By Lily Zheng
By now most of us have heard the news: Stanford’s 11th president, selected by the Presidential Search Committee after “six months and thousands of hours reviewing prospective candidates in a comprehensive, inclusive global search,” will be Canadian neuroscientist and former faculty member Marc Tessier-Lavigne.
On Facebook, the uproar in response to his selection was immediate. In the hours after Stanford’s announcement of its next president, I watched the storm of comments and reactions, some indignant, some resigned, some sarcastic. In a surprisingly short amount of time, articles cropped up in response: Stanford Political Journal’s disappointment in a “lost presidential opportunity,” and The Stanford Review’s criticism of students’ “knee jerk reactions” and “tirades.”
The reason for the outrage? Like every other President selected in Stanford’s 125 year history, Marc Tessier-Lavigne is a white man.
I’m not interested in this column about speculating about candidates, about which candidate is/was better, should have been chosen, etc. Rather, I want to unpack that “knee jerk reaction” the Review so dryly commented on, and explore just why so many students are unimpressed with the Presidential Search Committee’s decision.
Over the last two years, injustices and inequities on this campus have grown in salience for most people here. Now, more than ever, we are aware of the lack of gender-neutral bathrooms, the prevalence of microaggressions in classrooms and houses, the vitriol of Yik Yak and our lack of mental health resources. Movements like Who’s Teaching Us? bring to light systemic inequities in the racial and gender makeup of our university, the difficulties of underrepresentation that marginalized communities at Stanford face, and an explosive year of activism, protests, advocacy, trauma and conflict brought massive issues of systemic racism, police brutality, occupation, violence and oppression onto campus.
And our next president is a white man.
We know that Stanford values its academics, its liberal arts program and scientific excellence, and those other characteristics it boasts about so frequently on admissions brochures. Tessier-Lavigne, like President John Hennessy before him, is undoubtedly able to maintain Stanford’s empire in these ways. But in picking a white man, competent as he may be, the Presidential Search Committee sends a clear message that it values that kind of status quo, and that they have no major plans for change on this campus. As society’s issues bleed unstoppably onto campus, many of us see Tessier-Lavigne as representative of Stanford’s desire to reinforce the bubble with plexiglass, hunker down and hope that after the dust settles, it’ll all be business as usual again.
Of course, this interpretation could be wrong. Tessier-Lavigne could turn out to be a strong advocate for queer and trans people on campus, galvanize faculty and institutional structure towards racial justice and decolonization and champion accessibility for first-generation students, low income students, disabled and neurodivergent students and the like. Tessier-Lavigne could interact critically and intentionally with social justice movements and the world outside Stanford, take a stance, steer our massive endowment towards bettering disadvantaged communities, push for divestment from fossil fuels, private prisons and companies complicit in occupation.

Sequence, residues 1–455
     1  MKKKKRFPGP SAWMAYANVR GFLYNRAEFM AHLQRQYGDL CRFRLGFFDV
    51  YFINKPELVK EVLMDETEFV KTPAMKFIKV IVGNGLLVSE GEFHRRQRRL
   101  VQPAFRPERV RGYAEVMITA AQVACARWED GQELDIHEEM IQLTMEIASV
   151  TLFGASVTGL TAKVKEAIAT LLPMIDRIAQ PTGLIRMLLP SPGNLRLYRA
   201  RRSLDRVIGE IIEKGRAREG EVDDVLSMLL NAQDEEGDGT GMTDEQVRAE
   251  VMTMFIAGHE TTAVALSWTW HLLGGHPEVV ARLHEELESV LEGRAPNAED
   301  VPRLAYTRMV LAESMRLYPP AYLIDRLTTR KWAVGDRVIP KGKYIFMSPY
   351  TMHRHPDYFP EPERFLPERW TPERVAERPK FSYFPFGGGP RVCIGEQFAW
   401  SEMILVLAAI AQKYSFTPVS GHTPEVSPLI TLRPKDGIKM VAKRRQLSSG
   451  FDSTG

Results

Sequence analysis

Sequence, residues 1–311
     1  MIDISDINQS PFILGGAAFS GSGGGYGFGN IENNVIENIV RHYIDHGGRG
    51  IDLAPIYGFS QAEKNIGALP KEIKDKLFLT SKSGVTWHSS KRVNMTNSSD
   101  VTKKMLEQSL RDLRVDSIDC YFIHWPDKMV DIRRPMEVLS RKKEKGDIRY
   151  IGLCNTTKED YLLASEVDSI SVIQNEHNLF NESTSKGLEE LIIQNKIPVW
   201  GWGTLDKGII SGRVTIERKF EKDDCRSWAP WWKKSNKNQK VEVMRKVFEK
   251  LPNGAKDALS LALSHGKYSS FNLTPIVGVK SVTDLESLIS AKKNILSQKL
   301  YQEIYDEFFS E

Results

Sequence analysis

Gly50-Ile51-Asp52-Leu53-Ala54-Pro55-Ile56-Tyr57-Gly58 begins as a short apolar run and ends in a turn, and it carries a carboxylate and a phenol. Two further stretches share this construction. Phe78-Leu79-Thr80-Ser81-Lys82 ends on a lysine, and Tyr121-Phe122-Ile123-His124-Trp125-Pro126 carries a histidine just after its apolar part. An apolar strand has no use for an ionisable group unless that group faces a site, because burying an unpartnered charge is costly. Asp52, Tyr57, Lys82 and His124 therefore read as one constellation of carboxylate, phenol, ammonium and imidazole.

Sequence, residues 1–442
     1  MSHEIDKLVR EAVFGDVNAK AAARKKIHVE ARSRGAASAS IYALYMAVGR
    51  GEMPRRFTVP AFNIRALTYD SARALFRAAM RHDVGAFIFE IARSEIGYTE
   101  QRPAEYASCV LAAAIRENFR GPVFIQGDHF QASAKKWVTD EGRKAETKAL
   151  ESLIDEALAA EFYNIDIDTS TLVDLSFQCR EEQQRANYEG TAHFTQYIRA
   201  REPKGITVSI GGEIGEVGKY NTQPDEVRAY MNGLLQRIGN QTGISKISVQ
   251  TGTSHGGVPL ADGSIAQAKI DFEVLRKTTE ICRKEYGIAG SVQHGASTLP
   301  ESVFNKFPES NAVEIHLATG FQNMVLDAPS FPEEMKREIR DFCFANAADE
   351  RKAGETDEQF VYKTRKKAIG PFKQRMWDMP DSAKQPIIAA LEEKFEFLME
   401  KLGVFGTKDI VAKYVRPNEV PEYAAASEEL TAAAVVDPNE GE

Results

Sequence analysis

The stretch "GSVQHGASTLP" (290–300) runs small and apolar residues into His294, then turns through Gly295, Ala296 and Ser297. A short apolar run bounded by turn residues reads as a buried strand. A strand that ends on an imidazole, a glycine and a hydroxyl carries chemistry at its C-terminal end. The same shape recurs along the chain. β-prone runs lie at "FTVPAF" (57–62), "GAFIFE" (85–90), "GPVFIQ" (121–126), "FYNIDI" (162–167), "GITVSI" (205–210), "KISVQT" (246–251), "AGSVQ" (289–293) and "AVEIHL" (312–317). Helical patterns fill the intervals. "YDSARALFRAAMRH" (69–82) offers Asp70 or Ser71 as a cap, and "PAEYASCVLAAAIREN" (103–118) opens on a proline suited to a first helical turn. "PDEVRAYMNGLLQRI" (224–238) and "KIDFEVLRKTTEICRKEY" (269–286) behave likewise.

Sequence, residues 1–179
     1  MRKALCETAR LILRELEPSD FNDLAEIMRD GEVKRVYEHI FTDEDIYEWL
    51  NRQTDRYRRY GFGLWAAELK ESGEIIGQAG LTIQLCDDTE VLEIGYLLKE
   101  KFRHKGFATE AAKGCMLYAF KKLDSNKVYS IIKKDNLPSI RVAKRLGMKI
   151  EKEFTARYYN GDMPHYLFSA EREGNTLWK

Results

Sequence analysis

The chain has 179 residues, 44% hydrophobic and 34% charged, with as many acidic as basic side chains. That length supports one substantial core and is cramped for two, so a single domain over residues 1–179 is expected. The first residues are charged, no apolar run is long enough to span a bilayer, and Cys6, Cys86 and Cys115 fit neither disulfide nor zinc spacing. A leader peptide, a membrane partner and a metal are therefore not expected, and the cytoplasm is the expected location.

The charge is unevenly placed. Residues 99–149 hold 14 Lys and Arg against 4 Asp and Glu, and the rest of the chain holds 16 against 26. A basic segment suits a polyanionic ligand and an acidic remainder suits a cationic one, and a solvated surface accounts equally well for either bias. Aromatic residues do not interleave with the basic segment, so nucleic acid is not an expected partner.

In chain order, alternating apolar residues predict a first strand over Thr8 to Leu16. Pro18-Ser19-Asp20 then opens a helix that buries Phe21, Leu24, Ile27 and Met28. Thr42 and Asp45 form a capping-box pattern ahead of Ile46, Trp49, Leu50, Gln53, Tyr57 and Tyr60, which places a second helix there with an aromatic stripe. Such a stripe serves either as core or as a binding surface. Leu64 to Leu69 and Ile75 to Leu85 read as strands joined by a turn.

But even typing that out I find myself doubting that any of it could happen, and I don’t think I’m alone in thinking that. For students who desperately need change on this campus, we have grown to distrust the red-tape, bureaucratic machinations of a university that has been slow in supporting our communities and quick in dismissing our needs.
So what now, moving forward?
The Daily reports that during his announcement conference, Tessier-Lavigne “touched upon fostering an inclusive campus community, the health of the campus environment and diversity; addressing sexual assault; and making the University accessible to all students regardless of financial need.” In the official announcement made by Stanford, Tessier-Lavigne’s stated that, “In coming months, I plan to listen and learn from faculty, students, staff, trustees and alumni, to understand more fully the many opportunities and challenges facing the university, and to hear their aspirations for this great institution.”
We as students need to hold him accountable to that. People are frustrated now, and rightfully so – but it’s even more important now not to let our desire for something different fizzle out into apathy. When fall quarter 2016 begins, it’s our job to remember the 125 years of white men Stanford has made its presidents and hold Tessier-Lavigne accountable to the change we want to see, to the change that, with any luck, he wants to see as well. We need to set a high bar for our next president, one that challenges him and our community to transform as an institution, one that pushes him and all of us to reconsider Stanford’s role in the changing times ahead.
Contact Lily at lilyz8 ‘at’ stanford.edu.